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Norman v. Brown


February 16, 2007


The opinion of the court was delivered by: Gerard E. Lynch, District Judge


Steven Norman, a New York State prisoner, petitions for habeas corpus under 28 U.S.C. § 2254, challenging his conviction for robbery and sentence of 12 years' imprisonment. Because none of his claims has merit, the petition will be denied.


Norman was tried in New York State Supreme Court, New York County, along with a co-defendant, Michael Burrell. At the trial, Morigue Coulibaly, an employee of a department store on upper Broadway in Manhattan, testified that on April 22, 2002, as he and a co-worker, Mohammed Diallo, were unloading a delivery truck in front of the store, Burrell punched him in the head, seized a box of shirts from him, and ran off. Coulibaly gave chase, closely followed by Diallo.

As Coulibaly crossed the street, he observed that Burrell was running with and speaking to another man, who turned out to be Norman. After a block's chase, Coulibaly caught Burrell and grabbed him, demanding return of the stolen box. Norman threatened to shoot Coulibaly and pulled a knife. Coulibaly released Burrell and backed off, holding up his hands. As Burrell ran away, Norman stabbed Coulibaly three times in the hand, leaving him "bleeding badly." (Tr. 263.) Norman joined Burrell, and they conversed; they then ran into Riverside Park, leaving the box behind. Diallo gave a similar account of the incident.

The police officers who responded to the scene testified to spotting Burrell and Norman running away together along a railroad track in the park. After another chase, they apprehended the two men hiding in the bushes.

Neither Burrell nor Norman testified or presented any evidence. Norman's attorney argued in summation that he was not involved in the robbery, but was simply a misguided Samaritan who intervened to protect Burrell from an armed mob that was beating him. This defense was based on two 911 calls introduced by the prosecution that reported a fight among two groups of men with bats, sticks, and knives. Several other 911 calls did not accord with this version of events. Besides Coulibaly and Diallo, the prosecution presented testimony from a witness who from her window saw a man meeting Norman's description swinging a knife and observed no other weapons; the responding police officers also testified that they observed no weapons at the scene or on Coulibaly, Diallo, or anyone else.

The jury found both defendants guilty. On direct appeal, Norman argued that the evidence was insufficient to support his conviction, that the conviction was against the weight of the evidence, and that his sentence was excessive. The Appellate Division rejected all three arguments on the merits, holding that "the verdict was based on legally sufficient evidence and was not against the weight of the evidence. . . . The credible evidence, and reasonable inferences that can be drawn therefrom, established every element of each of the forms of robbery of which defendants were convicted, including the requisite intent, aid by another person present in seizing or retaining another's property, and physical injury to the victim." People v. Norman, 789 N.Y.S.2d 887, 887-88 (1st Dept. 2005) (citations and internal quotation marks omitted). The Court of Appeals denied leave to appeal. 4 N.Y.3d 889 (2005).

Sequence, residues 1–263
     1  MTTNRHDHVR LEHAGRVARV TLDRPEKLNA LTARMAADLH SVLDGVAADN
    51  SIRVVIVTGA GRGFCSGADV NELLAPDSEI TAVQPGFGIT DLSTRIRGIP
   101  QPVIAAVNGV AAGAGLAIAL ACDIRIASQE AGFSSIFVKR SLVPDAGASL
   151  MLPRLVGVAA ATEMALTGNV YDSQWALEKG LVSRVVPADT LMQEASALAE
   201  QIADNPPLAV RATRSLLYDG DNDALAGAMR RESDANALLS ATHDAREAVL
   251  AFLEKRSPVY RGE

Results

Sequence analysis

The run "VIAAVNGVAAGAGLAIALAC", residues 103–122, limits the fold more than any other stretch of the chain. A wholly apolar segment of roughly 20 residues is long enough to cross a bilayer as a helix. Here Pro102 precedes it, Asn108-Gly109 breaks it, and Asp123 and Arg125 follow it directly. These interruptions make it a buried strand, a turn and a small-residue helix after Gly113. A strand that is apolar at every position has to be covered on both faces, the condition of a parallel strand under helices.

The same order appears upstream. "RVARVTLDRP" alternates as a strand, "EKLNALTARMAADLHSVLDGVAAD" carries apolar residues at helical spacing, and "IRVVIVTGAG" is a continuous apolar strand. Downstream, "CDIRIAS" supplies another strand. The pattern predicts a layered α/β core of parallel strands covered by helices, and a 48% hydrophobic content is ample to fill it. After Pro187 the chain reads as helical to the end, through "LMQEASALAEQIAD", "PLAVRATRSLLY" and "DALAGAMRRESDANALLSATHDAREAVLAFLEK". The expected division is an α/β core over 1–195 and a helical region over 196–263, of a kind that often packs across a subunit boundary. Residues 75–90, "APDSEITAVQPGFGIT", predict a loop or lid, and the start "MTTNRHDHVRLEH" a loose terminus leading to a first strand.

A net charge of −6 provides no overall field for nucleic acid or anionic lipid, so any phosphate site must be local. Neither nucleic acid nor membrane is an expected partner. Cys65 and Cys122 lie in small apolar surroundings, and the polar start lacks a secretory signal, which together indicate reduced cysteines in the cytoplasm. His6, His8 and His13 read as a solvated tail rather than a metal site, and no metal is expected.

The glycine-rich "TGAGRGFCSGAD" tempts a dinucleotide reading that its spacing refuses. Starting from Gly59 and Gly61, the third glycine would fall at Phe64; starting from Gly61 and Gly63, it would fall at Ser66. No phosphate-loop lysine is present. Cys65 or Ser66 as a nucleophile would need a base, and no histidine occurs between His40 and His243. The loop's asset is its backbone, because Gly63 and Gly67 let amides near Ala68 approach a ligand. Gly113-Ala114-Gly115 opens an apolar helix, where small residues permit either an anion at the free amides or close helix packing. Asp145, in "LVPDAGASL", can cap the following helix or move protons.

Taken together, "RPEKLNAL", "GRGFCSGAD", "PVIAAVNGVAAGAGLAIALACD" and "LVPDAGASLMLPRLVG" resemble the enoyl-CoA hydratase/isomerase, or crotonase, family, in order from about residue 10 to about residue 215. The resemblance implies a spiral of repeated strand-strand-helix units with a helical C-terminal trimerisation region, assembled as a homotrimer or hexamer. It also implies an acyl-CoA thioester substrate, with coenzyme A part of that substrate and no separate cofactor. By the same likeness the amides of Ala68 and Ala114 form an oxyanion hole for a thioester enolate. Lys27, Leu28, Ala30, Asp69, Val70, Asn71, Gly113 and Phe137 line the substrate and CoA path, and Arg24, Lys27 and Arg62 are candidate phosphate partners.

In this timely habeas petition, Norman contends, as he did in the state courts, that the evidence at trial was insufficient to establish (1) that he intended to act in concert with Burrell to steal property; (2) that he was actually present with and aided Burrell; and (3) that Coulibaly suffered physical injury. Since his claims were rejected on the merits by the state courts, habeas relief may not be granted unless the Appellate Division's decision was "contrary to, or involved an unreasonable application of" Supreme Court precedent. 28 U.S.C. § 2254(d)(1); see Serrano v. Fischer, 412 F.3d 292, 296-97 (2d Cir. 2005). Norman cannot meet this standard.

The Constitution guarantees that a defendant may not be convicted of a crime absent sufficient evidence to establish guilt beyond a reasonable doubt. Jackson v. Virginia, 443 U.S. 307 (1979). In challenging the constitutional sufficiency of the evidence, however, Norman bears a heavy burden. A conviction is constitutionally invalid only if "no rational trier of fact could have found proof of guilt beyond a reasonable doubt." Id. at 324. And since the state courts have already determined that the evidence was sufficient, habeas relief may only be granted if their finding that a reasonable jury could have found guilt was itself unreasonable.

Williams v. Taylor, 529 U.S. 362, 412-13 (2000). Finally, the sufficiency of the evidence "must be applied with explicit reference to the substantive elements of the criminal offense as defined by state law." Jackson, 443 U.S. at 324 n.16. A federal court thus must take particular care not to intrude on the state courts' responsibility to interpret state criminal law.